Once you have followed the the pre-show tuning steps outlined in part 4 of this theme, you are ready for your performance. There are so many factors that can impact your tuning during a show, string bending, tremolo use, temperature, movement etc so it is always a good idea to tune as many times as possible. There is usually a mute switch on your guitar tuner to keep your guitar silent while tuning so you can tune before a song, during a song where you are not playing etc, so I recommend tuning as much as possible when there is allowable time. Of course if you are the lead singer and have to intro songs you have to really pick your spots. Although while tuning often you may be making just slight adjustments, they can make all the difference, In my opinion you can never tune enough. If you are 2 or 3 guitarists in the band , you all must follow this routine. The more you repeat this regimen, the more you will become aware of “Locking” in tune with your band mates.
Another common tuning aliment happens when you use a guitar capo, while the capo is a useful tool to enable you to transpose 1st position chords to any key, it can cause problems with either too much pressure or not enough pressure on the strings. I recommend buying a high quality capo such as Shubb or Jim Dunlop and making sure you have the appropriate model (Acoustic, nylon,12 string etc) . When installing the capo for a specific song make sure it not installed too close or too far to the fret which now becomes the top nut or zero fret, this may case the string to go sharp or buzz. I usually install the capo right in the middle of the 2 frets and gently push it down to insure proper pressure on the strings. Check a couple of chords in the first position and away you go. Should it sound slightly (Out) remove and reinstall the capo, this usually works. If there is still a string that is out, you must check it on the tuner with the capo on.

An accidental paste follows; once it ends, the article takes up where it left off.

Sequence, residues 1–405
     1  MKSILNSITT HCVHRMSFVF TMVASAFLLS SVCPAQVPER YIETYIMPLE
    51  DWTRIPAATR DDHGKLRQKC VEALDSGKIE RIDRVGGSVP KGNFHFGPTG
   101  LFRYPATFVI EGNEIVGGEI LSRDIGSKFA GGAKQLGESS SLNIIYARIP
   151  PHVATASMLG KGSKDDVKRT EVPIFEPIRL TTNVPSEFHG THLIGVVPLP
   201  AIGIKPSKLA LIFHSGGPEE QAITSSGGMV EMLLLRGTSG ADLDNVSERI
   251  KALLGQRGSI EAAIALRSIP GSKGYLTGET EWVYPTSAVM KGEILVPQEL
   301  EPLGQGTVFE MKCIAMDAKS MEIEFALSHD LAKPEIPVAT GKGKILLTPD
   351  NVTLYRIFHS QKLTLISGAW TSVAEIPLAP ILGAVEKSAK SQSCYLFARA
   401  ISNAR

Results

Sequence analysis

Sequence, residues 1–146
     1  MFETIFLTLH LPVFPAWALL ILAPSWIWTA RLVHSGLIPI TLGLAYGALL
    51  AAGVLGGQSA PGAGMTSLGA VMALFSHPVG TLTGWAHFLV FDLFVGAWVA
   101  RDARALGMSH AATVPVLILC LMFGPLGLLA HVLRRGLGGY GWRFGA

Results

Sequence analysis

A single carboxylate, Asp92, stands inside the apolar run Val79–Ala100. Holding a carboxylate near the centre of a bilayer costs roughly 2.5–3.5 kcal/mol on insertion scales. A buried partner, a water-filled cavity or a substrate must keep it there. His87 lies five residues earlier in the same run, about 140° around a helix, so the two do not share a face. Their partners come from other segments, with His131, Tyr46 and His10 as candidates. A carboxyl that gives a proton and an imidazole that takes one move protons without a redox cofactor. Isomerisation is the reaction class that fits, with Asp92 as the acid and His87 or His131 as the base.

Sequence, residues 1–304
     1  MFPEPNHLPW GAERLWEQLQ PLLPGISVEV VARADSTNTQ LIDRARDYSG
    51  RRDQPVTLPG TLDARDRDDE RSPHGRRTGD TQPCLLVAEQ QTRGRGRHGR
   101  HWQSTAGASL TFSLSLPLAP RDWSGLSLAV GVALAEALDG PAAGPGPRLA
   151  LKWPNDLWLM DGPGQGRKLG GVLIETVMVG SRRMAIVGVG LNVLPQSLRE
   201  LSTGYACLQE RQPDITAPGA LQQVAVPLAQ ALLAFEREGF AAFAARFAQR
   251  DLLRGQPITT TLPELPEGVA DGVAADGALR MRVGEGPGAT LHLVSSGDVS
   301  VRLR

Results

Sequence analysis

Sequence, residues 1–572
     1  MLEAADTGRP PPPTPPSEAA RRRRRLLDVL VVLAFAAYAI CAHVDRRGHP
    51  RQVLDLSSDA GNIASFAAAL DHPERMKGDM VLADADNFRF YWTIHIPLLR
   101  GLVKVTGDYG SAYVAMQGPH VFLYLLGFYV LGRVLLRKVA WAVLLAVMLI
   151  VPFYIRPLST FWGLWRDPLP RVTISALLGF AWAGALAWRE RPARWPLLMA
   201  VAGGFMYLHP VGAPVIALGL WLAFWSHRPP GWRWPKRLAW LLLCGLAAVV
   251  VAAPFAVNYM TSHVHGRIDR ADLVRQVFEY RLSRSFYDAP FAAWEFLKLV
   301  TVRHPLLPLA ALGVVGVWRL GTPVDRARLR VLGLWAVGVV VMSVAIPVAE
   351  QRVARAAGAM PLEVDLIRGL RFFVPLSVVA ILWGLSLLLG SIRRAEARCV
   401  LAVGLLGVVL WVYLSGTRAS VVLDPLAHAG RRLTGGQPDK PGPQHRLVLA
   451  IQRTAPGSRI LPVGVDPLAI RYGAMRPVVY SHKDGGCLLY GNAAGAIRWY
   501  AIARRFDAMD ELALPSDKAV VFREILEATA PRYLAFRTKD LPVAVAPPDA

There is also modern technology available at the moment such as the Gibson robot guitar that can automatically tune your instrument to any preset tuning by using software and mechanical tuners. There are also stand alone units such as the TronicalTune system that can be added to practically any make or model.
After all is said and done getting in tune, playing in tune and staying in tune is an important part of being an excellent player, it is part of perfecting your art. It is not to be taken lightly and something to be worked on regularly. I hope sharing some of my onstage experiences has been beneficial to you. Tuning standards and tuning tools have come a long way in the past few years (Thankfully) and we have all we need and more to make great music! There are many more sub topics that can affect tuning that I will explore in future posts such as, tremolo use, top nut maintenance, locking tuners, how hard you play, fret height etc.
That’s all for now my friends see you next time for another magic carpet ride around the amazing world of the guitar.